If you have a history of crime, you should get official dispositions of all your arrests to show that you have not been convicted of any aggravated felony. It’s also strongly advised that you get legal advice before conducting this analysis.
LPR/Green Card Holder: Establish an Incontestable Paper Trail of Continuous U.S. Residency
In order to establish that you lawfully and permanently resided in the United States for a minimum of 5 years and have continuously maintained 7 years of residence, you must provide documentary evidence. This evidence can take the form of photocopies of your green card, Form I-94 Arrival/Departure document, marriage certificates, birth certificates of children born in the United States, transcripts of federal income tax, receipts, leases/deeds, employment records, school records, medical records, notarized affidavits from people who know you well, and many more.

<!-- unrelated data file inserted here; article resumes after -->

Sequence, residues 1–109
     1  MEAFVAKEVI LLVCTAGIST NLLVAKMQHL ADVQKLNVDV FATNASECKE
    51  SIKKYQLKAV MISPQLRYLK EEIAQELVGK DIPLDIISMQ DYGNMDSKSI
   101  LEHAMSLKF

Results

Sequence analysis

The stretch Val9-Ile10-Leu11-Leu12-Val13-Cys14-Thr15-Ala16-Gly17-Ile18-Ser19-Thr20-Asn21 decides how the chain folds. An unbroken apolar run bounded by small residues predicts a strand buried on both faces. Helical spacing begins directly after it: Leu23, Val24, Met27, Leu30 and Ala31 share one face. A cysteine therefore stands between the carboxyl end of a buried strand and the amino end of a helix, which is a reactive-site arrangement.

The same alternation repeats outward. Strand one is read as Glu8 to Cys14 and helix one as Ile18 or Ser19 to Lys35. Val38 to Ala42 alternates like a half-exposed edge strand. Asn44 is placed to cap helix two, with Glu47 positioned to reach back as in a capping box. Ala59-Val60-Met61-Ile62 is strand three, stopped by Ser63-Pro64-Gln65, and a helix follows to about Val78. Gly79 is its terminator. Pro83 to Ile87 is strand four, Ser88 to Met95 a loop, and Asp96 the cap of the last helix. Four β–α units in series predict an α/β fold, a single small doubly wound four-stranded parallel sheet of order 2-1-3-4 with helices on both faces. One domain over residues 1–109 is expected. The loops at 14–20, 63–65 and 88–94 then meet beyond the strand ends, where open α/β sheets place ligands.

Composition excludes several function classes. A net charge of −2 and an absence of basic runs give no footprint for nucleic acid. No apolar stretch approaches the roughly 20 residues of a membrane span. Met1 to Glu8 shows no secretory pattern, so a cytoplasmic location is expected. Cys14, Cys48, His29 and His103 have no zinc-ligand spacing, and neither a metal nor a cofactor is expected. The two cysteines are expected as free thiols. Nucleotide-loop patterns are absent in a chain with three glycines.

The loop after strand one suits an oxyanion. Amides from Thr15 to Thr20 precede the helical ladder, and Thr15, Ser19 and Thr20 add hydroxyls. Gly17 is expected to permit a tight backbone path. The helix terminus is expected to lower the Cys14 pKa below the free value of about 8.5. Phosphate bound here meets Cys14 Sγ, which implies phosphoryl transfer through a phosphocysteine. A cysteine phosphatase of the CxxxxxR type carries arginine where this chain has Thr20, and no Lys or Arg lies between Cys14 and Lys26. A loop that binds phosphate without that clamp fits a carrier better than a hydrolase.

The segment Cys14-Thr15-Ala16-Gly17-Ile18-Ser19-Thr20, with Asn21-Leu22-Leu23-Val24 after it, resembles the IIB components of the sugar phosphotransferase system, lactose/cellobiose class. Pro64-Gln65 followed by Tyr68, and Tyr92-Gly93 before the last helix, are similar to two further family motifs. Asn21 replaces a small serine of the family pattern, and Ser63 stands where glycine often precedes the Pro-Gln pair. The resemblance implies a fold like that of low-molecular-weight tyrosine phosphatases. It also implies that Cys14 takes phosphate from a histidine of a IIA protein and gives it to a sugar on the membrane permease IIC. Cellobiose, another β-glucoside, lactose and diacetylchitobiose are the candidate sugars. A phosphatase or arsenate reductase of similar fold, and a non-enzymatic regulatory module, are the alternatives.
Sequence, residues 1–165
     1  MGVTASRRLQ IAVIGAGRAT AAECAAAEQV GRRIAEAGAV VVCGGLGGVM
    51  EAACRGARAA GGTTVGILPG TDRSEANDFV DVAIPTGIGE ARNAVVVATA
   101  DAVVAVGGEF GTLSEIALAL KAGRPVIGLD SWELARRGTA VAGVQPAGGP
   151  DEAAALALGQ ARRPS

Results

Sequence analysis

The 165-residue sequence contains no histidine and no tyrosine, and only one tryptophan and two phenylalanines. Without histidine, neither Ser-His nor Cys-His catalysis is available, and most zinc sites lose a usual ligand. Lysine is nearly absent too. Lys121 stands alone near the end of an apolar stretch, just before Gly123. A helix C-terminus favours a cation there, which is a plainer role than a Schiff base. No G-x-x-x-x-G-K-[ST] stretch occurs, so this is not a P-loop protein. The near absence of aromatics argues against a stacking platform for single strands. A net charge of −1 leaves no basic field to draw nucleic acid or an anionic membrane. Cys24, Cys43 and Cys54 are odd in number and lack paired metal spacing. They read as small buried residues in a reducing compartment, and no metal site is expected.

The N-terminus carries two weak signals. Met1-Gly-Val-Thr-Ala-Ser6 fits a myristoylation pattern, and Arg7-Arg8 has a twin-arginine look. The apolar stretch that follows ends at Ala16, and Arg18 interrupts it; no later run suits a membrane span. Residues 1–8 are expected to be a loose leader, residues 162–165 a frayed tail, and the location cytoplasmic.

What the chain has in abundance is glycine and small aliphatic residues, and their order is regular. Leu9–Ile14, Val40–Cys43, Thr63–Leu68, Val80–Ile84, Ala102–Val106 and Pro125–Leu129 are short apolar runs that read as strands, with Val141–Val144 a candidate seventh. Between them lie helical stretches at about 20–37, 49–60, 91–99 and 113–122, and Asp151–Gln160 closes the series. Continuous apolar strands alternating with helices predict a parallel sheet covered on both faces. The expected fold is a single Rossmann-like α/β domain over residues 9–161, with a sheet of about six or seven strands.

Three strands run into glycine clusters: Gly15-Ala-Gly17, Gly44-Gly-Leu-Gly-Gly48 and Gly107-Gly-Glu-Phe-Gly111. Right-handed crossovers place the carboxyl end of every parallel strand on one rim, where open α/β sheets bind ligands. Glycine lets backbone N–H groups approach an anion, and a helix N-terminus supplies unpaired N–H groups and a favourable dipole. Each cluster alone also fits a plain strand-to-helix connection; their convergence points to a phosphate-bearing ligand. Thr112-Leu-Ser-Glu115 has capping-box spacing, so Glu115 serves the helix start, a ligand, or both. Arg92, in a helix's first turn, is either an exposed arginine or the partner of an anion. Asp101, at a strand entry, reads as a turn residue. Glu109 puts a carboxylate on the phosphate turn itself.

Additionally, digital data such as location records from social media platforms like Facebook or proof of rides with ride-sharing services like Lyft or Uber can be used to support your claim.
LPR/Green Card Holder: Prove Your Worthiness for the Judge’s Use of Discretion
When applying for cancellation of removal, it is essential for lawful permanent residents to provide evidence that they meet basic eligibility requirements. The major part of the hearing will focus on determining whether you should or should not be allowed to keep your green card, and the Immigration Judge has a large amount of latitude in making this decision.